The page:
Turkey plays ‘key role’ in transferring Iraqi Kurdish oil
ANKARA - Anadolu Agency
AA photoTurkey has played a key role in transferring Kurdish Regional Government (KRG) oil to the international market, Turkish Energy Minister Taner Yıldız said on Aug. 15.
“The oil transfer couldn’t have materialized if Turkey was not involved because the central government in Baghdad did not allow it,” Yıldız said, speaking to visiting reporters from the Iraqi Kurdish region in Ankara.
Talking about the complicated relations between the KRG, the central Iraqi government, and Turkey, Yıldız said: “We have important relations, agreements, contracts with them.”
Yıldız also spoke about the Iraq-Turkey Pipeline (ITP), which carried oil for 40 years from Iraq to international markets via Turkey.
“I hope it will operate for more than 140 years, and the income belongs to our Iraqi brothers. According to Iraqi law, the income of oil should be shared: 17 percent for the KRG and 83 percent for other parts of Iraq. We do not interfere with this arrangement,” he said.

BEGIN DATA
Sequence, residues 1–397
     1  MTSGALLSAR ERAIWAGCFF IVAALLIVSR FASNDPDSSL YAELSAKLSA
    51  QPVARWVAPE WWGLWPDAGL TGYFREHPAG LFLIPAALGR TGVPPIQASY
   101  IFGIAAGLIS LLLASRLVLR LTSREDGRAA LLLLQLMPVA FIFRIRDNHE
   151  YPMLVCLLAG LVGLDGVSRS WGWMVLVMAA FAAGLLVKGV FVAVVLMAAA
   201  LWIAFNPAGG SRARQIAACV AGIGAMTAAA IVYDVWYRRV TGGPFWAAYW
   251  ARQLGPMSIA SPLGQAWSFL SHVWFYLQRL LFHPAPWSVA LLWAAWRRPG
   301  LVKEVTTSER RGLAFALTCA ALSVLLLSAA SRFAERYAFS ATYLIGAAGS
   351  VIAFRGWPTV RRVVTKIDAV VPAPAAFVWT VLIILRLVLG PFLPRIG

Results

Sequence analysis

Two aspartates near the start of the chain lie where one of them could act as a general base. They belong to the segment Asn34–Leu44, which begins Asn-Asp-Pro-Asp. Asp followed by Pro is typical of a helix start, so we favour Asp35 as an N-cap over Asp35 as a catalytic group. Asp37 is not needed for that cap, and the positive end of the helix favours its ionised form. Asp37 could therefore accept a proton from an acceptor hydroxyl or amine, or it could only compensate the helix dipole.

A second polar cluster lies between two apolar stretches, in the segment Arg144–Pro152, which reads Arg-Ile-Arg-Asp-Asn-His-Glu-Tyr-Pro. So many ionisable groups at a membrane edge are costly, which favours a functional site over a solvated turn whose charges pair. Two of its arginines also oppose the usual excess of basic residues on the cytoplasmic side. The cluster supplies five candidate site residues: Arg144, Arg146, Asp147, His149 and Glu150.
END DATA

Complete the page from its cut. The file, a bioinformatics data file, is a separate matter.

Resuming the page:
At the moment, both the KRG and the central government in Baghdad are importing refined oil from Turkey via the Kirkuk-Ceyhan oil pipeline.
There are a total of 58 oil wells in the Kurdish region of northern Iraq, 28 in Sulaymaniyah and 30 in Arbil and Duhok. A total of 25 foreign oil companies are operating in the region, the largest being Anglo-Turkish outfit Genel Energy.
In July, crude oil exports from Iraq to Turkey’s southern province of Ceyhan, where oil is stored and shipped to international markets, totaled 16 million barrels.
The Kirkuk-Ceyhan oil pipeline has a capacity of 1.6 million barrels per day. The pipeline is critical for northern Iraqi oil exports.
Talking about the natural gas price which Turkey will buy at from Iraq in 2017, Yıldız said Turkey will not buy at half price, but added that it is “normal” to pay less as a neighboring country.
The expected amount of natural gas is four billion cubic meters. The volume may increase by two billion cubic meters every year, and will eventually reach 10 billion cubic meters.